MCRI Research Archive
Below are the research projects (in PDF form where available) that the Aquarium of the Pacific has been involved in since the inception of MCRI.
As of October 2006, the Aquarium of the Pacific, with the cooperation of the National Marine Fisheries Service and others, has released three green sea turtles with satellite tracking tags into the waters of the Gulf of California and off Southern California. Data was received from one of the released animals for over ninety days and allowed thousands of Aquarium visitors to track its movements and learn more about the habits and behavior of sea turtles.
The purpose of this report is to provide a brief overview, for the MLPA process, of select species groups that have been monitored for the last seven years in Orange County as part of the Orange County Giant Kelp Restoration Project.
Samples of a local variety of cold water coral (Stylaster californicus) provided by the Aquarium of the Pacific have revealed, through the use of DNA analysis, that what was previously thought to be one species, is in fact, seven distinct species.
As the majority of the twenty-seven petroleum platforms off of California are slated to end productivity within the next ten years, the issue of decommissioning is becoming of greater public interest. Previous surveys in the Santa Barbara Channel have shown that petroleum platforms act as rearing habitat for many over-fished rockfish species, however no thorough systematic surveys of the platforms located off Long Beach and Huntington Beach have been conducted.
Trained AAUS volunteer scientific divers from the Aquarium of the Pacific are assisting the California Coast Keeper Alliance with a two-year monitoring project at Crystal Cove State Park.
Trained AAUS volunteer scientific divers from the Aquarium of the Pacific assisted researchers from USC and the University of Washington studying seawater circulation through nearshore sediments by obtaining core sediment and water samples from the substrate from three sites off of the coast of Huntington Beach.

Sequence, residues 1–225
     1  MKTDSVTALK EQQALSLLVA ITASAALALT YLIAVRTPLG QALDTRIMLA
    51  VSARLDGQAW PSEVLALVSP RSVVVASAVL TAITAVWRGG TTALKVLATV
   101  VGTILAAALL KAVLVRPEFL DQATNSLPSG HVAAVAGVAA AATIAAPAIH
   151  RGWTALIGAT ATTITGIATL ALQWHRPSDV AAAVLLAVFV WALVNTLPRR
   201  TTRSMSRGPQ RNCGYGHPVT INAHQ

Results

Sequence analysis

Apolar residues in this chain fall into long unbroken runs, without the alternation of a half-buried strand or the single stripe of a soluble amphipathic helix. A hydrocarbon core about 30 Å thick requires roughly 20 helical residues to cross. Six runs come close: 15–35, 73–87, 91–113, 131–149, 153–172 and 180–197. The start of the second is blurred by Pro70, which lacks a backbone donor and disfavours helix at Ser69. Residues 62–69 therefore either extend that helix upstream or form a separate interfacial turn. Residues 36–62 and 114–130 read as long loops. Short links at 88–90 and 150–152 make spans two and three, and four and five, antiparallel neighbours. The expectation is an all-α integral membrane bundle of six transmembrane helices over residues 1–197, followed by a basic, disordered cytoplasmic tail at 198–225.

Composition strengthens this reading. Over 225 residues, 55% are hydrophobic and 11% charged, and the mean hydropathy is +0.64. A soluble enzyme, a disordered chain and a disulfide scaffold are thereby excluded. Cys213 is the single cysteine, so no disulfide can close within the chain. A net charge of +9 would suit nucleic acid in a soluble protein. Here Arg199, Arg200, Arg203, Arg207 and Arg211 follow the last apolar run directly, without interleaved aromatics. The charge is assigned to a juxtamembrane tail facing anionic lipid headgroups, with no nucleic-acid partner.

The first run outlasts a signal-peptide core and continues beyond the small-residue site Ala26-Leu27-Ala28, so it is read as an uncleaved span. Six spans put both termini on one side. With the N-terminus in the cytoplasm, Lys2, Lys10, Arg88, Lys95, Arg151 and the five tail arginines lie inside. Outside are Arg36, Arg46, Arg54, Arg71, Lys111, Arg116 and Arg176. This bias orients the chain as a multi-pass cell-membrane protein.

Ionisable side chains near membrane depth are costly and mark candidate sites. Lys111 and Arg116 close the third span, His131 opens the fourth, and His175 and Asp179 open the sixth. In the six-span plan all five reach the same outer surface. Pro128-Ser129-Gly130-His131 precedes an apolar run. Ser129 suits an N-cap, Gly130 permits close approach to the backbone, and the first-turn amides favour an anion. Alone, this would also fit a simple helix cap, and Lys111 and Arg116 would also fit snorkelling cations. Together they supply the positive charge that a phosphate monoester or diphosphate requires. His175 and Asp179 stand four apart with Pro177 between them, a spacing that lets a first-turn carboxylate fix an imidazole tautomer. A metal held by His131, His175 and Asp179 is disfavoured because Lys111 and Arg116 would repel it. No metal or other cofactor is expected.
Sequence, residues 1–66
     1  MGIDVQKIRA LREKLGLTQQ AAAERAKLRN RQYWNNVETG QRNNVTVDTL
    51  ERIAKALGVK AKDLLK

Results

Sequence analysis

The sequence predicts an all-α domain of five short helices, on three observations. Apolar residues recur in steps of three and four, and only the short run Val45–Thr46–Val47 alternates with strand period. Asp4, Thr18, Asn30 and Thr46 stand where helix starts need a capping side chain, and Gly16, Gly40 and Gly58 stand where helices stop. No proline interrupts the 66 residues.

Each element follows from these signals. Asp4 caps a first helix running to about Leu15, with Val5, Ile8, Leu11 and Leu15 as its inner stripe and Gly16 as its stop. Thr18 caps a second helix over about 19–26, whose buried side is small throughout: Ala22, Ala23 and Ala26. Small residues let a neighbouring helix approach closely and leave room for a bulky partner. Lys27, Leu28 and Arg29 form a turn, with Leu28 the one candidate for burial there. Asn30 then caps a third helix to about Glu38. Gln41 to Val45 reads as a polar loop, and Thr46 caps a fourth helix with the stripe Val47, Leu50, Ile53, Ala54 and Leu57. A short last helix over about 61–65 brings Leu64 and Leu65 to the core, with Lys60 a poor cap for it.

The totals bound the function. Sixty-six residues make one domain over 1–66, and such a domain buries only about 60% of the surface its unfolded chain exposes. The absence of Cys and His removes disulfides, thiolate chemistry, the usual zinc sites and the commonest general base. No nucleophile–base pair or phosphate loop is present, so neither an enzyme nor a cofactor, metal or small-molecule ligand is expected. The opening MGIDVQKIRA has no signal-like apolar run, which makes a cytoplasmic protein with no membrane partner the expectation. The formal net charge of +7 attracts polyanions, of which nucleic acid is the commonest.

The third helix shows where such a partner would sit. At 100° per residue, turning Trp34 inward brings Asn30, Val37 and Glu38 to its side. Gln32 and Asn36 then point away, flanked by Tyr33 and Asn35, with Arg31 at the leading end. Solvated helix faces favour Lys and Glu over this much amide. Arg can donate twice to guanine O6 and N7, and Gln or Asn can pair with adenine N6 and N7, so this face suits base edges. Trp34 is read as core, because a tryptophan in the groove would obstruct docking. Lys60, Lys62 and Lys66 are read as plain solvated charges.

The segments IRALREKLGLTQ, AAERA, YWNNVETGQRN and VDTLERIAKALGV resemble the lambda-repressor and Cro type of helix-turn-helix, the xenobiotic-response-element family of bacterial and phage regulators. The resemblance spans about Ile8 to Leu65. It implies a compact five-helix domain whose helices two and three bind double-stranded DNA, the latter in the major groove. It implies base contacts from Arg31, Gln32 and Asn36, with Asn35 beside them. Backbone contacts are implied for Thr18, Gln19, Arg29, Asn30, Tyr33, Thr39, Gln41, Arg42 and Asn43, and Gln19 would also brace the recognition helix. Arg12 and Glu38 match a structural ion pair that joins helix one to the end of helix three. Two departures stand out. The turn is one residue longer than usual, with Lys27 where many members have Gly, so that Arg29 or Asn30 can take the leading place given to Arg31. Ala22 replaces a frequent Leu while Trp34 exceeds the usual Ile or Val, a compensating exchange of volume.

Assistant Curator of Fishes Steve Blair traveled to the Gulf of California in September 2006, where he made observations on the behavior of these little understood animals and conducted experiments aimed at determining their ability to tolerate capture, anesthesia and transport.
The Aquarium of the Pacific is currently supporting a study by UC Irvine researcher, Marianne Porter that examines vertebral flexibility of swimming sharks and its effect on their maneuverability. The ability to maneuver quickly and effectively has behavioral implications ranging from mating to prey capture and predator avoidance.
In November 2005, the Aquarium Dive Safety Officer participated in the annual NPS/CMAR shipwreck survey in California’s Northern Channel Islands.
The overall goal of this community-based research program is to train volunteer non-scientists to conduct research and collect data relating toquestions of marine conservation and management inside the recently established Marine Protected Areas (MPAs) of the CINMS. Data was collected during a one week research expedition to the Channel Islands, where the divers practiced data collection following specific sampling protocols. Information obtained was used to supplement existing monitoring projects already underway by researchers at UCSB, PISCO, CDFG, the CINMS, and the Channel Islands National Park Service’s Kelp Forest Monitoring Program (KFM), among others.